• Thursday, April 18, 2024
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Price of iron rods outpaces cement in test for homebuilders

Price of iron rods outpaces cement in test for homebuilders

Almost on a daily basis, the hope of owning affordable homes dims as the prices of major building materials, notably cement and iron rods, are rising persistently as if markets are shutting down.

Matters seem to be coming to a head with the hike in iron rods prices outpacing what has been seen so far with the price of cement. In less than 30 days, the price of cement rose by over 100 percent from between N5,000 and N5,500 in January to between N12,000 and N13,000 in February 2024.

Read also: Cement: Retailers, not manufacturers, responsible for rising prices—Dealer

Prices of iron rods, also called reinforcements, which come in various thickness or measurements, have also gone up in a manner that diminishes what buyers have experienced with the rise in cement price.

In a matter of days, the price of 16mm rod has risen from N8,500 to N18,500 and that shows exactly N10,000 prices increase, representing over 100 percent increase.

Both cement and rods are very important components of building and construction materials. Rods are of different sizes for different uses. Structural engineers recommend 12mm, 16mm, 20mm, 25mm, 10mm, or 8mm, depending on the strength of the material and other design specifications.

Iron rods are generally used for load-bearing purposes and they include cold steel, pressed steel, hot deformed bars, and mild steel plain bars. The type commonly used in enhancing the strength of concrete in beams and pillars or columns of buildings falls under the hot rolled deformed bars.

These are the most popular of all rod-types and they are commonly used in building houses. They are the ones whose prices have jumped recently. But, for small-to-medium-scale projects, 6mm, 8mm and 10mm bar sizes will economically do the work without adding unnecessary weight to the building, according to experts.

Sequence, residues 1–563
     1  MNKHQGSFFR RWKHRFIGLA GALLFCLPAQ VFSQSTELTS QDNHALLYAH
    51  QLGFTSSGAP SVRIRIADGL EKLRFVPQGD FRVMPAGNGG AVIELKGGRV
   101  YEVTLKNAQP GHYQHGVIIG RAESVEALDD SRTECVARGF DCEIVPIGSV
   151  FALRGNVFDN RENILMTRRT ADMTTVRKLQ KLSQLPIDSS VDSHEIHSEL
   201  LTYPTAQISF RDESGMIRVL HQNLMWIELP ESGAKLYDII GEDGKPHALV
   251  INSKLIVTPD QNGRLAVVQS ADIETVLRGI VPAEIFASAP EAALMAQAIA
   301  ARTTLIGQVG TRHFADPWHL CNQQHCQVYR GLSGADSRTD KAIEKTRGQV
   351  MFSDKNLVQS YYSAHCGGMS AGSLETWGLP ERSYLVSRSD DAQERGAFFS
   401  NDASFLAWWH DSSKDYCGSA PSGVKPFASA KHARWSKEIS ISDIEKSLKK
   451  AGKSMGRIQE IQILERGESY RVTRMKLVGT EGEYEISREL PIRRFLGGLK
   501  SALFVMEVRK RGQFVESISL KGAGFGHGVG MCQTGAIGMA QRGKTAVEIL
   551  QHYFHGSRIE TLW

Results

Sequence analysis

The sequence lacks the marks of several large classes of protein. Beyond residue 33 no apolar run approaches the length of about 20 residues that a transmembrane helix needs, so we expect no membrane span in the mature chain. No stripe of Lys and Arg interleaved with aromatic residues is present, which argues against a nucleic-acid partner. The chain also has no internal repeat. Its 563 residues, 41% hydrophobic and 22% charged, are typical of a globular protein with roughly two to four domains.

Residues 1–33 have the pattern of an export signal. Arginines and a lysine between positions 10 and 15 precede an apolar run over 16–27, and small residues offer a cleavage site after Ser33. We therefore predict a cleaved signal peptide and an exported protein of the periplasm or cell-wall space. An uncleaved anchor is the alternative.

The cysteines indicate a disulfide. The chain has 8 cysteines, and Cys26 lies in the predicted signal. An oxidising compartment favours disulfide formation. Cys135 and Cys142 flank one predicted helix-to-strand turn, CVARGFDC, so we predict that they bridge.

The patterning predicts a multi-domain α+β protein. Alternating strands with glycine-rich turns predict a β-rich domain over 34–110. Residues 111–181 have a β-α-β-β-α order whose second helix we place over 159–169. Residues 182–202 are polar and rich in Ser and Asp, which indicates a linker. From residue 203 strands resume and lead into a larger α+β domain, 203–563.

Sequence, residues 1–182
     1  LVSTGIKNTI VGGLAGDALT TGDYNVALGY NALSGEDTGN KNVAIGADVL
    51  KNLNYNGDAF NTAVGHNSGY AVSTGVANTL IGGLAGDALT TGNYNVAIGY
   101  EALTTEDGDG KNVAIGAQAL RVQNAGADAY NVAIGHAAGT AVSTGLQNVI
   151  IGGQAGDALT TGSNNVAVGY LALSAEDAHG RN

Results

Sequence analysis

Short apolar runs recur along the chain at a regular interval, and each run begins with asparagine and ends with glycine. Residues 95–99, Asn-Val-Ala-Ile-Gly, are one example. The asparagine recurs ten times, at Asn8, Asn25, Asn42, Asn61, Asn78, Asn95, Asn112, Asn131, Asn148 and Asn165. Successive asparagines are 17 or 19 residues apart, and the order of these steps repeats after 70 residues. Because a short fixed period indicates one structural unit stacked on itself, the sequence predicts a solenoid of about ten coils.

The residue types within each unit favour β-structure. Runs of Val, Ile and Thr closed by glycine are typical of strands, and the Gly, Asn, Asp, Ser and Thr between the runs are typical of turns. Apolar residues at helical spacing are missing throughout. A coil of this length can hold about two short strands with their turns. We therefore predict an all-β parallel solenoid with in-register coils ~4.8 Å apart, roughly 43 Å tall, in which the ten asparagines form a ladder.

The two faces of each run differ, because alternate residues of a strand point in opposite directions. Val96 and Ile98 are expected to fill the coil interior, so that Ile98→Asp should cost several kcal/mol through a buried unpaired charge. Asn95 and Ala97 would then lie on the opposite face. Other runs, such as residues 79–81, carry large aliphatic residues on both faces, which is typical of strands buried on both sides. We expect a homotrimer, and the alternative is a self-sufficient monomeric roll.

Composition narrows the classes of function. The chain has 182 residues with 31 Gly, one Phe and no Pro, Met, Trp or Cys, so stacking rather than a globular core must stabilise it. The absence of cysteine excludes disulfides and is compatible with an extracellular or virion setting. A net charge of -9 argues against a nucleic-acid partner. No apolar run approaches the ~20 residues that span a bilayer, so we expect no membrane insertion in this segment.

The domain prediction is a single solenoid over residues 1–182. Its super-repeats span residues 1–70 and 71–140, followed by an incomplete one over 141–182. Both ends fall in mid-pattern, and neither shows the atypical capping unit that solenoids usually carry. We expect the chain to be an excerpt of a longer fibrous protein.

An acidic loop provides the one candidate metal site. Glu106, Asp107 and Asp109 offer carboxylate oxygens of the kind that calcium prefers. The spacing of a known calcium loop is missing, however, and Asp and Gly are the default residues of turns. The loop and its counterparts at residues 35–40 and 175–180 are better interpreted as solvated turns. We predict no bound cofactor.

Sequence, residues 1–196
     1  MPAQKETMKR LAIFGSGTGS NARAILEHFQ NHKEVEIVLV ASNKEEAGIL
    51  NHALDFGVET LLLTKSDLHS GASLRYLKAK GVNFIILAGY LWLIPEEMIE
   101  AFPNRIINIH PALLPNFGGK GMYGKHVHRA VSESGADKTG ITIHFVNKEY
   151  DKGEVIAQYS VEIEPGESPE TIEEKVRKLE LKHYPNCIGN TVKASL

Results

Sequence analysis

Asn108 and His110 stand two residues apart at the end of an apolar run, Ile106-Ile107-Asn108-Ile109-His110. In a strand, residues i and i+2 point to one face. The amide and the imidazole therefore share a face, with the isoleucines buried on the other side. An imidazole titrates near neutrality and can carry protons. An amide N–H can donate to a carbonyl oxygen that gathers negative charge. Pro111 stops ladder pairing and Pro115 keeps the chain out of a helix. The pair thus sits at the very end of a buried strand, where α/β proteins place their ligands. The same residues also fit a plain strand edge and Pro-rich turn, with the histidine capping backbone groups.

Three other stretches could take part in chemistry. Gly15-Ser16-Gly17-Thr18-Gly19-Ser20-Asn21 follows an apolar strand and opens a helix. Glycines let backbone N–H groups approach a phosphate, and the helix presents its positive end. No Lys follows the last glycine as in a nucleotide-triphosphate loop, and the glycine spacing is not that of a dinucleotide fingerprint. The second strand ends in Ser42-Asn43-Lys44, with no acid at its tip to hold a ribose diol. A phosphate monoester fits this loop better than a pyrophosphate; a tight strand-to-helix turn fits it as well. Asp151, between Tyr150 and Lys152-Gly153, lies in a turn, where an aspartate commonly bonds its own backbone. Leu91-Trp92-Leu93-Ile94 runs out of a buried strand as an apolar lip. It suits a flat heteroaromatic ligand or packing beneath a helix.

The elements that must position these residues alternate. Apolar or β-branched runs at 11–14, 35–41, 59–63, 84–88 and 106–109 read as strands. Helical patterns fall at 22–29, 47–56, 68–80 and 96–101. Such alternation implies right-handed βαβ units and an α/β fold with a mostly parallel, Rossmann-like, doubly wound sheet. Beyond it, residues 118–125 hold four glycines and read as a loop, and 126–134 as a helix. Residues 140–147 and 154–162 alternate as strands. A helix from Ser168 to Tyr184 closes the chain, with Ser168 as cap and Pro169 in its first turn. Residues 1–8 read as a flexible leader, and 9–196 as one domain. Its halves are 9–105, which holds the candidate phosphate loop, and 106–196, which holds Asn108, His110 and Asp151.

Read also: Dangote Cement, NB lead consumer goods firms in tax expense

Many Nigerians have lamented the high cost of building materials, contending that the ripple effects are not just about discouraging investment in housing or shrinking the job opportunities which it creates, but also narrowing the chances of more people leaving the house market.

Though Nigerians are still waiting to see the impact of the government’s intervention and the presidential directive to manufacturers to reduce cement price, experts are already calling on the government to declare a state of emergency on the building materials sub-sector.

“With a staggering housing deficit estimated at 28 million units as of 2023, and a homeownership level that is just 25 percent of the country’s over 200 million population, Nigeria should be intentional about affordable housing delivery,” Olufunso Adebayo, a property consultant, said.

He said that the government has to act fast on making sure that what is obviously an oligopoly in the cement industry is broken or make good its threat of opening the borders for cement imports.

According to Smith Ezenagu, MD/CEO of Esso Properties Limited, everybody is talking about cement alone but it’s not just it because there are other materials like rod and sand.

“In fact, if nothing is done to curb the current prices of building materials in Nigeria, we might get to a point where shelter will become a luxury and not a basic necessity. Apart from the government stepping in like they are doing to curb these things, I believe this is the time we explore alternative buildings like wooden houses and others,” he said in an interview with pressmen in Lagos.

Ezenagu noted that rising cost of materials is a major problem in the real estate industry and the consequence, according to him, is that developers are pulling out of sites and if nothing is done to curb this and get things to a level of stability, there would be a very major crisis in the industry soon.

Read also: Cement prices drop to N8000 in northern Nigeria following government intervention

He disclosed that he started a project in the Epe area of Lagos in October last year when he bought a trip of sand for sand-filling at the cost of N37,000. “Three months after in January, I started a project in one of my estates in Ibeju Lekki, Emerald Garden Estate, and I bought sand at the rate of N90,000. That’s an almost 200 percent increase in price in just three months,” he lamented.